Necessities for your horse’s good health

There are things to keep in mind when evaluating a potential boarding stable as well as developing your own equine management practises at home. Recent columns on colic and hydration touched on a few of these principles.

  • Sep. 27, 2011 8:08 p.m.
Ensuring the quality of your horse’s necessities will help your horse live a happy

Ensuring the quality of your horse’s necessities will help your horse live a happy

There are things to keep in mind when evaluating a potential boarding stable as well as developing your own equine management practises at home. Recent columns on colic and hydration touched on a few of these principles.

A horse has three main necessities of good health: food, water and shelter.

Food has an incredible bearing of the quality of your horse’s health, not only in the nutrition it provides but the method it is delivered.

Horses have small stomachs, roughly the size of a football.

The equine digestive system is designed to ingest small amounts of food frequently. Horses in the wild graze and move on.

The horse’s stomach functions best when it is two-thirds full.

Because of the addition of digestive juices, food will double in volume by the time it reaches your horse’s stomach.

Large feeds of concentrates will not be properly digested and much of food value wasted. Roughage tends to be eaten slower and therefore satisfies the small portions often concept better.

The horse is an animal of habit. He begins to produce and secrete digestive acids in anticipation of food expected to be fed.

In nature random grazing throughout the day neutralizes these acids. Where this becomes a problem is in the domestic horse that is not being fed regularly.

It is speculated that horses on a feeding program (versus free choice or pasture grazing) are at greater risk of developing gastric ulcers because they are not able to pick at roughage at will.

Does that mean you should allow free choice hay to the horses typically living in the “diet” pen? Certainly not! It does mean that you should consider feeding smaller portions throughout the day.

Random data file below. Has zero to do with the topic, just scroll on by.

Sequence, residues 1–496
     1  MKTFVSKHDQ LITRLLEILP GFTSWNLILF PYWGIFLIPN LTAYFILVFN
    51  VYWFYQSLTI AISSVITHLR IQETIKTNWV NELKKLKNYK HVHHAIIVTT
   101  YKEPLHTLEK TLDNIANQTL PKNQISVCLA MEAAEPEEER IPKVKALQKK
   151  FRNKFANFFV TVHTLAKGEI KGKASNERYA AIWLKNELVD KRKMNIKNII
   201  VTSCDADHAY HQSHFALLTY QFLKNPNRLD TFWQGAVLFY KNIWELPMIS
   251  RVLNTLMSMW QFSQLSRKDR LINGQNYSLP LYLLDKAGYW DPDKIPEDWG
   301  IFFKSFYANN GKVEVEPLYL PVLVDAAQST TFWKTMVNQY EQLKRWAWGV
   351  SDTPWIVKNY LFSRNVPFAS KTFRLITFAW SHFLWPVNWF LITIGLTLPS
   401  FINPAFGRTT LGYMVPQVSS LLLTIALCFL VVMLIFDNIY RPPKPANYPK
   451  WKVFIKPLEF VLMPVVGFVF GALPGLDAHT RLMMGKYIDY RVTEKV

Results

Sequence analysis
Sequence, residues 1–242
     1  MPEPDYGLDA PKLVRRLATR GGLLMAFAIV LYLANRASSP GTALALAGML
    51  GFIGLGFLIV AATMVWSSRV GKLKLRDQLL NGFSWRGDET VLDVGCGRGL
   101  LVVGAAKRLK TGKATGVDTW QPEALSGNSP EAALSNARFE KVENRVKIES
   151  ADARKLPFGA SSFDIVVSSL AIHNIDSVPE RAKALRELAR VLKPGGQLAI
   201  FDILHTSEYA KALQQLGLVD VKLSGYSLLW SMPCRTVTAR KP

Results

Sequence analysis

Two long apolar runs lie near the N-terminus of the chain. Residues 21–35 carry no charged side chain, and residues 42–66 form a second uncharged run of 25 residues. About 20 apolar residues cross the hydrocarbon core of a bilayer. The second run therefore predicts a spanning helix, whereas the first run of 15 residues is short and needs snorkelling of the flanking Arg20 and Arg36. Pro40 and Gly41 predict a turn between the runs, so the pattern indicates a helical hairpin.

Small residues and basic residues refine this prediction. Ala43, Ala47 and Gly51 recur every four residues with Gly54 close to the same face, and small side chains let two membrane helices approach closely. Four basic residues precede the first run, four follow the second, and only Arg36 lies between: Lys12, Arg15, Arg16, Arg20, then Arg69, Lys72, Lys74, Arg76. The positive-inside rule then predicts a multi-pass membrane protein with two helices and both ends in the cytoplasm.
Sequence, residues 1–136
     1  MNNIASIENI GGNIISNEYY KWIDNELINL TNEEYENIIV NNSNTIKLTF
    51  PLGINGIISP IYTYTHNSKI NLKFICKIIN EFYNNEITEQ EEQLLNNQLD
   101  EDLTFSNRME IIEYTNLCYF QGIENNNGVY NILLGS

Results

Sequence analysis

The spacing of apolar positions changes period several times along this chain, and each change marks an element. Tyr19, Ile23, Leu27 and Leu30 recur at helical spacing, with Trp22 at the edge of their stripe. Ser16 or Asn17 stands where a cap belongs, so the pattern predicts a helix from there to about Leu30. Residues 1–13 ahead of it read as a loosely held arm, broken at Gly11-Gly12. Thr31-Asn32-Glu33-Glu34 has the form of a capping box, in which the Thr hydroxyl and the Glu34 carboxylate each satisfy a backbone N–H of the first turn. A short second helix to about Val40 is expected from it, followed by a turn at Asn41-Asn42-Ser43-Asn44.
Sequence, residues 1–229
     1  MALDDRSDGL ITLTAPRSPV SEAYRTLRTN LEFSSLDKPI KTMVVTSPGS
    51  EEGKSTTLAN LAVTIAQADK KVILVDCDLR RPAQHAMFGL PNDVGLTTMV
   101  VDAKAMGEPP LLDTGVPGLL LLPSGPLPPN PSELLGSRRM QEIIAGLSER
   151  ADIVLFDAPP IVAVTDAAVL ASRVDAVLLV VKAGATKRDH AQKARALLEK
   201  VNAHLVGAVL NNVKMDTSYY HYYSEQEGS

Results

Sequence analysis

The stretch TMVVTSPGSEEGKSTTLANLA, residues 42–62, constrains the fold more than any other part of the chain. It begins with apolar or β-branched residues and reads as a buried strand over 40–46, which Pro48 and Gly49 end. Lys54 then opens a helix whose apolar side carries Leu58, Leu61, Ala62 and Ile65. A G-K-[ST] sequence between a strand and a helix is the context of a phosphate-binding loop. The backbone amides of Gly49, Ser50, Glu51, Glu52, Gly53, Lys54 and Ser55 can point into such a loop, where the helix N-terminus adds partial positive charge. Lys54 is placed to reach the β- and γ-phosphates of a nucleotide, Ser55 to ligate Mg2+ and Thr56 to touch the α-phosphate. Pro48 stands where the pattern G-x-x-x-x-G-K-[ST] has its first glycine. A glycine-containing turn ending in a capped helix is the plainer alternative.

Feeding breakfast, lunch, dinner and before bed snack would be ideal, but not always practical.

Horse’s living in a boarding facility should have access to such care, at least to be fed three times daily. Ideally, a larger portion would be fed in the evening to sustain him through the night.

If possible feed more of a lower calorie hay to horse that is on a restricted diet.

By lower calorie I don’t mean lower quality. Anything fed to a horse needs to be clean and mould/dust free.

Feeding poor quality food matter will compromise your horse’s health and potentially put him at risk for colic. You wouldn’t eat a piece of bread that had mould on it because you know that the spores aren’t always visible, so tearing off the affected part isn’t going to get it all.

The same goes for feeding hay that has mould on it to your horse.

Round bales should have the exterior round or two removed, if the bales have been allowed to ‘weather’, before being fed.

Changes to a horse’s diet need to be made slowly to prevent digestive upset.

As I mentioned above, horse’s produce digestive juices that aid in breaking down food matter.

If a new food is added to the horse’s diet that he is not accustomed to digesting, there will not be any digestive juices to help break down this new feed. Gradually phasing in the new food allows the body to start producing the appropriate juices and therefore ensuring efficient and safe digestion. It is critical that horses have ample roughage in their diet.

The digestion of roughage produces body heat, which keeps your horse warm in winter. The colder it gets outside, the more roughage your horse will need.

A horse’s body is composed of over 60 per cent water. A loss of 20 per cent can be fatal.

Even in winter horse’s drink between six to 12 gallons of water daily. Fresh, clean water needs to be provided for a horse to thrive. Expecting a horse to live on snow throughout the winter is not the kindest management practise.

The horse may survive, but certainly will not thrive.

Horses in the wild drink from rivers, sloughs or wherever they can find water sources, snow helps sustain them for periods of time but is not their sole source of hydration.

Shelter is also a necessity of life. Being able to get out of the hot sun or away from the pesky bugs is just as important as being sheltered from rain, snow or wind. Not providing shelter will take a physical toll on your horse’s well-being and longevity.

Every horse requires the necessities of life: food, water and shelter. Ensuring the quality of these will help your horse live a happy, healthy life.

Shelly Graham is a local rider, trainer, horse breeder and Equine Canada certified coach.